Neck pocket angle - what about the vertical face where the heel meets?

ayavner

Junior Member
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Hi there - first post! I am building a guitar based on a template (Garcia style Tiger tribute) with a neck pocket for a s-style bolt-on neck. I have calculated I need about a 2.3 degree angle to tilt the neck back for proper string height over the TOM bridge, and I built a jig for this purpose.

My question is, I can see how to rout the angle in the bottom of the neck pocket, but I am unsure how to get the complementary angle in the vertical face of the neck pocket where the heel end meets it. If I disregard it, then the pocket will no longer be perpendicular between those 2 faces. I don't see an obvious way to rout this surface since my pattern bit is shorter than the 5/8" height of the pocket. Does my question make sense and can anyone advise? Or is ~2 degrees not enough to worry about? Come to think of it, I'd face the same issue if I used a shim for the same purpose.

Thoughts? My project is coming along nicely - I'll start a build thread when I get a little further along. Using a Warmoth Hombre neck which is a real work of art.

Thanks! Adam
 
You're right it's about 2 percent. Never made a guitar body. I'll be watching this thread to see your solution.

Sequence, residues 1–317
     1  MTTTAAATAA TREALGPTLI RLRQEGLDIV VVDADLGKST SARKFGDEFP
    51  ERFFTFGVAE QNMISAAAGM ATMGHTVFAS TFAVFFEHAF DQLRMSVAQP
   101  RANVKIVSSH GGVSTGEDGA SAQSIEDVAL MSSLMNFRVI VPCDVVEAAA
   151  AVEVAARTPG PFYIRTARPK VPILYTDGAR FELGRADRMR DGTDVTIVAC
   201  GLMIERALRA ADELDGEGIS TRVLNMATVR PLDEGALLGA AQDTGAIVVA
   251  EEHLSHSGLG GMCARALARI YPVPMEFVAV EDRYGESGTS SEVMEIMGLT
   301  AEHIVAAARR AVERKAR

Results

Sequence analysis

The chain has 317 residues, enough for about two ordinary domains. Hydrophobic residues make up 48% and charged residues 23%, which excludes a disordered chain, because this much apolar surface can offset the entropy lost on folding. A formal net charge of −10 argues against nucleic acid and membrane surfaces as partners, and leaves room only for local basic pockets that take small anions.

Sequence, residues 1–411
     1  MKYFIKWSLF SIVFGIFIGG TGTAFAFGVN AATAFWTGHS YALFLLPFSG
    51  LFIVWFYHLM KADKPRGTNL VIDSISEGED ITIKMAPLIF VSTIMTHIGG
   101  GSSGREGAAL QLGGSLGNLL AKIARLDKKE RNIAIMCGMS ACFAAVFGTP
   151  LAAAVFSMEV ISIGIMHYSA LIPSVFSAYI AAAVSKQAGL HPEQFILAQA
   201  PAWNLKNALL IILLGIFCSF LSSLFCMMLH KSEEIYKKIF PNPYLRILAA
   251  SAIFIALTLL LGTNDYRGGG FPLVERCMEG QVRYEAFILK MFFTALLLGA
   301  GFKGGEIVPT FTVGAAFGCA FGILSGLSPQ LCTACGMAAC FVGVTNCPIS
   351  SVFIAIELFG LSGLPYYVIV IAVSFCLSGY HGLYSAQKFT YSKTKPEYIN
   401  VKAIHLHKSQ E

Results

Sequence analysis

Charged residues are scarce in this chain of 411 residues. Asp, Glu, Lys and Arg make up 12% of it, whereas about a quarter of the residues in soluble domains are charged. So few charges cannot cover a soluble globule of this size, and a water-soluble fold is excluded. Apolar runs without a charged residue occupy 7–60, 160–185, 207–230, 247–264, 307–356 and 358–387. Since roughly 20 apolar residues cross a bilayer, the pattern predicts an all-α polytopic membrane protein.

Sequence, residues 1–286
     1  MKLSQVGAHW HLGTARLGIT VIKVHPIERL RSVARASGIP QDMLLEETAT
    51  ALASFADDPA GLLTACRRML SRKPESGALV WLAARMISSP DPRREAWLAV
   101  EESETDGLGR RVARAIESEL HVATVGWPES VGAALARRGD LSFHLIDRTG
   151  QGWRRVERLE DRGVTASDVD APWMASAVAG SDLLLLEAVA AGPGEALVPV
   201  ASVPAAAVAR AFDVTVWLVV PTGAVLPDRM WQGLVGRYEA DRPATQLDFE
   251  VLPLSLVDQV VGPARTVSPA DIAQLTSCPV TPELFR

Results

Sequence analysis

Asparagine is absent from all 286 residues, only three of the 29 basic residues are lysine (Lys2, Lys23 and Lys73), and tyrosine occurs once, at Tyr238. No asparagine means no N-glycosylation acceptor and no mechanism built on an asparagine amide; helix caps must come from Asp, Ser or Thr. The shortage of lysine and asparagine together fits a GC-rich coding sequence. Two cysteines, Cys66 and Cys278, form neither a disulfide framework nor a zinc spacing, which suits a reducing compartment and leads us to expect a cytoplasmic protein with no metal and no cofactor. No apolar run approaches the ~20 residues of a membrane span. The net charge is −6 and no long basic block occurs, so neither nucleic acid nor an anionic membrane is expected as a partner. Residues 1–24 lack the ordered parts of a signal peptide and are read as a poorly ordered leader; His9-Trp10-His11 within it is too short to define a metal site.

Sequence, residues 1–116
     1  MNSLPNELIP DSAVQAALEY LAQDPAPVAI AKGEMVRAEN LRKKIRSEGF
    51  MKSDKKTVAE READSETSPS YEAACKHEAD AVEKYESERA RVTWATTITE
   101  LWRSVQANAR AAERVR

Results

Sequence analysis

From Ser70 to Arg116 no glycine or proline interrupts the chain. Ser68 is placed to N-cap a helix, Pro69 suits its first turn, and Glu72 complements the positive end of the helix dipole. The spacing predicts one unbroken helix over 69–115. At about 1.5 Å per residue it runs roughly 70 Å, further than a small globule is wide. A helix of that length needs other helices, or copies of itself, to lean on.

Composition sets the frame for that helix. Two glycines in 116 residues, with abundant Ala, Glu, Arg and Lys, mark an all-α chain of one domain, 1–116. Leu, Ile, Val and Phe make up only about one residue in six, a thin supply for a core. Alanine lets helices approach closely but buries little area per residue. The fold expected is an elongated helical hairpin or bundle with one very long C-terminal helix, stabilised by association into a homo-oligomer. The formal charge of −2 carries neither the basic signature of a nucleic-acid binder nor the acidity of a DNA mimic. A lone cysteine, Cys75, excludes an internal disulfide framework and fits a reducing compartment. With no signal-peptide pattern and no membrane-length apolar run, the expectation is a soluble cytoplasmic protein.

Use a neck pocket template with perpendicular sides and shim it underneath to get the angle needed, then when you rout you will have the neck angle and also perpendicular sides to the pocket.
 
Use a neck pocket template with perpendicular sides and shim it underneath to get the angle needed, then when you rout you will have the neck angle and also perpendicular sides to the pocket.
Makes sense, and that is what I thought initially. Keep in mind the neck pocket is already routed, flat at first because I was going to use shims, until I decided to give this a try. So I built a jig to use in combination with the neck pocket template. Foremost is that I do not want to disturb the 3" depth, so I do have to make sure if nothing else that the top edge doesn't get touched.

I'll try this out on a mockup and report back. Like with most things, it is entirely possible I am overthinking this 🙃

The other scenario is that as @supertruper1988 says, it's only a couple of degrees and probably negligible and so I leave it alone and get on with it.

I was going to upload a couple of pics, but the forum says "too large". Only 3-4MB, so maybe it is a restriction until I build up more posts. Guess I'll go check the FAQs now! :)
 
I've shimmed a couple necks of my guitars, and would not hesitate to do the same in this case. It seems like you're making unnecessary work for yourself. Suppose you decide to change necks someday and that one needs a slightly different angle?